The state had fined Emerald South $10,000 each for the deaths of Murray and Strasner. By 2018, the federal government called Emerald South a two-star nursing home, or "below average."
The Health Department appointed New York City-based Grand Healthcare System, whose CEO is Jeremy B. Strauss, as the receiver for Emerald South and its companion facility, Emerald North, in October 2018, months after the resident fell to his death and after the federal government designated Emerald South a "special focus facility," requiring closer scrutiny of it.
After Poloncarz learned of Landa's negotiations to sell Emerald North and Emerald South, he began making false and damaging public statements about her involvement with the facilities, according to her lawsuit. Poloncarz called her and her husband "deadbeat downstate owners who neither care about the patients and residents nor the employees at the facility," according to her lawsuit.
Poloncarz's "defamatory campaign" against her and the media coverage he orchestrated hurt her ability to sell the nursing homes, and she was forced to try and sell the facilities for markedly less than a price she had previously negotiated, according to her lawsuit.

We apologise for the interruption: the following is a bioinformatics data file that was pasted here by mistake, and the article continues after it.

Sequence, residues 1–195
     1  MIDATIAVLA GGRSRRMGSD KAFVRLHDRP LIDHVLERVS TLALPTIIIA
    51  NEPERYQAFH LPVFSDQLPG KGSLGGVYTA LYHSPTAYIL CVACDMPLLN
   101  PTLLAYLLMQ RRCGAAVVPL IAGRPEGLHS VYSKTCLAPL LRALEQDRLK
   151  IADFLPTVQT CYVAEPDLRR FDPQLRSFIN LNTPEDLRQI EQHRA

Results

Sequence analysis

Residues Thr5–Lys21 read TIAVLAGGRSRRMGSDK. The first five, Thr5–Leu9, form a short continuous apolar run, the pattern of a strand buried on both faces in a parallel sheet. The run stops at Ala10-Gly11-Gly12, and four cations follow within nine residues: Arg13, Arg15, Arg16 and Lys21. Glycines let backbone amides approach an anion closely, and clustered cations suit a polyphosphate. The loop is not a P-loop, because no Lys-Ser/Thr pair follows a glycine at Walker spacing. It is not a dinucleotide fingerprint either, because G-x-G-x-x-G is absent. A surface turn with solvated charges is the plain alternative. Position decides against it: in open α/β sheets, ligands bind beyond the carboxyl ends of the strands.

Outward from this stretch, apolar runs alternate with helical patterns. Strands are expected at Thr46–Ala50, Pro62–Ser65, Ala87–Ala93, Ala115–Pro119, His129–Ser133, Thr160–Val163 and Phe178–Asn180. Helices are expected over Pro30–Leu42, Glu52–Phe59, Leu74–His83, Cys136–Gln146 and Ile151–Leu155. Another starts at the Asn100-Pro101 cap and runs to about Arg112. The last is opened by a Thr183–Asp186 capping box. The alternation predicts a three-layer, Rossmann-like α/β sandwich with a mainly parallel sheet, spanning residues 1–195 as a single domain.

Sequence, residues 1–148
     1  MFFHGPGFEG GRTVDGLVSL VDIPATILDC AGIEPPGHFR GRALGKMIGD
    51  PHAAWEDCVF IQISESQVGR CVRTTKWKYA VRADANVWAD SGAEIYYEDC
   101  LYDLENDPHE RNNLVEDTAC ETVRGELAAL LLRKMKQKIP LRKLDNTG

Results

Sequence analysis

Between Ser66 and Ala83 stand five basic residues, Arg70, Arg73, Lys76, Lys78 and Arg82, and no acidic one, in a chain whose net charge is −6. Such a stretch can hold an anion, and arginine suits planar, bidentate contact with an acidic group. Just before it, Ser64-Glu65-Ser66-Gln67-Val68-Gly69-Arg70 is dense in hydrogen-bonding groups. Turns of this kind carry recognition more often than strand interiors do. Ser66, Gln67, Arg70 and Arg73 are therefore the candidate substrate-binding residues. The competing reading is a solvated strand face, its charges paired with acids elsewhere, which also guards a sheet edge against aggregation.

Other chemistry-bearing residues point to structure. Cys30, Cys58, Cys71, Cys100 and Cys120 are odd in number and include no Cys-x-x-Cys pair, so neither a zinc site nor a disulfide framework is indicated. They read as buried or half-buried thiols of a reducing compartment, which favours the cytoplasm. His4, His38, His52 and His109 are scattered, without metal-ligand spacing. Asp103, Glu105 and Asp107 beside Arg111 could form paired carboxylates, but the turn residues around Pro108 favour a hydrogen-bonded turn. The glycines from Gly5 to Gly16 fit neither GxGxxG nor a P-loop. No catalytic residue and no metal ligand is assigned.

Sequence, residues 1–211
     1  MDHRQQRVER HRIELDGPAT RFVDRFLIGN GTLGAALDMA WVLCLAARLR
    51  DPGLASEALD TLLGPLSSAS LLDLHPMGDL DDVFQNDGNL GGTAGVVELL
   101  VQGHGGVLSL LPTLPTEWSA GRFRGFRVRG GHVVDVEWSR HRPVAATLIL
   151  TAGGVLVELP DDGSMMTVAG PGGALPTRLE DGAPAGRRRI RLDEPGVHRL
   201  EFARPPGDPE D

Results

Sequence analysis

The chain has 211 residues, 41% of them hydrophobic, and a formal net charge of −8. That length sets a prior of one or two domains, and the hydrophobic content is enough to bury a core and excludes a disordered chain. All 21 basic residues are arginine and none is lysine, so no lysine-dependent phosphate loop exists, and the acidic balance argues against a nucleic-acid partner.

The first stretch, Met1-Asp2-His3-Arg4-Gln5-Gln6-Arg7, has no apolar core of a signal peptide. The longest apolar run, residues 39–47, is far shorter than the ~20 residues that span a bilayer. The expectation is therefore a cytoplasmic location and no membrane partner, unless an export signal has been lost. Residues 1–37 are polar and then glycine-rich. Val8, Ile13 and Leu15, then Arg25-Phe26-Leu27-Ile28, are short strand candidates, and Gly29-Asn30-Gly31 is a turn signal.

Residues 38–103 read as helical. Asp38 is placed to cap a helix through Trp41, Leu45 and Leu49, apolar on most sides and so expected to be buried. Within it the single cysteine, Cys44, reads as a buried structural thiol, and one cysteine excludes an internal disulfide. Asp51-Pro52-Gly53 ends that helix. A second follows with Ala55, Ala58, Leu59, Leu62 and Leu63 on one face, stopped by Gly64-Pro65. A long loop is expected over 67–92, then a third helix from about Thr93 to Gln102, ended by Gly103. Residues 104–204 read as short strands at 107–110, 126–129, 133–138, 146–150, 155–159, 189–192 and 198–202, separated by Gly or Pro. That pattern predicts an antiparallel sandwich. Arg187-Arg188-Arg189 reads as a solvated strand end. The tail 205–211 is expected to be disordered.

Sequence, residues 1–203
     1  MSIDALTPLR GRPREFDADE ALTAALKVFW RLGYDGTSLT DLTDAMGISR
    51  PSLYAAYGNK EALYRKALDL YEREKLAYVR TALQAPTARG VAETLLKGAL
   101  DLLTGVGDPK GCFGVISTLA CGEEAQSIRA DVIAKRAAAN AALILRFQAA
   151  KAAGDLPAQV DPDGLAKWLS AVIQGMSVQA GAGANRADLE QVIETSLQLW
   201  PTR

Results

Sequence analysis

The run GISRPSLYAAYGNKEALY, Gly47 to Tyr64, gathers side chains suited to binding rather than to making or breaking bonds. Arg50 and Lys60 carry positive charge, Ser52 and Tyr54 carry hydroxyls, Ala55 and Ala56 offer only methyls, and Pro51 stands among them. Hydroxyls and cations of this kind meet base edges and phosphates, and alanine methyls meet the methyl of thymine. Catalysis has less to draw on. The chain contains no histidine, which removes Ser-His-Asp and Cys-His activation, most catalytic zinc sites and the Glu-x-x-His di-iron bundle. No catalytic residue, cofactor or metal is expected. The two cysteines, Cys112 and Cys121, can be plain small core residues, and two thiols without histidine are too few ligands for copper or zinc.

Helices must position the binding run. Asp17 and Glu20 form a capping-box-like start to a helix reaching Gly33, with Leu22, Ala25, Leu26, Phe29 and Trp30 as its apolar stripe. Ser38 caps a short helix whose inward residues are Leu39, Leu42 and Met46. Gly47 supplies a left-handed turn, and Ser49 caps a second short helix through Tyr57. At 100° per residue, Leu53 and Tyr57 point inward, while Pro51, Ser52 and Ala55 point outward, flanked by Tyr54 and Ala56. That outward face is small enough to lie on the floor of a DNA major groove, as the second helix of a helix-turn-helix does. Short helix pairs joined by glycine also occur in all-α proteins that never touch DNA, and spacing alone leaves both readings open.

"I was in the midst of selling the nursing home to Jeremy Strauss," she said. "He was going to pay a substantial amount of money. Then Poloncarz came in and he was saying all the statements around that time," she said at the hearing.
Landa said she was going to sell both nursing homes to Strauss for about $16.5 million.
"We sold it for three and a half million," she said at the hearing. "So we lost a lot of money."
That's approximately $1 million more than her partnership bought them for, according to New York State Department of Health records that the county cited. At the hearing, however, Landa said she paid $8 million to $10 million for the operations of Emerald South and North.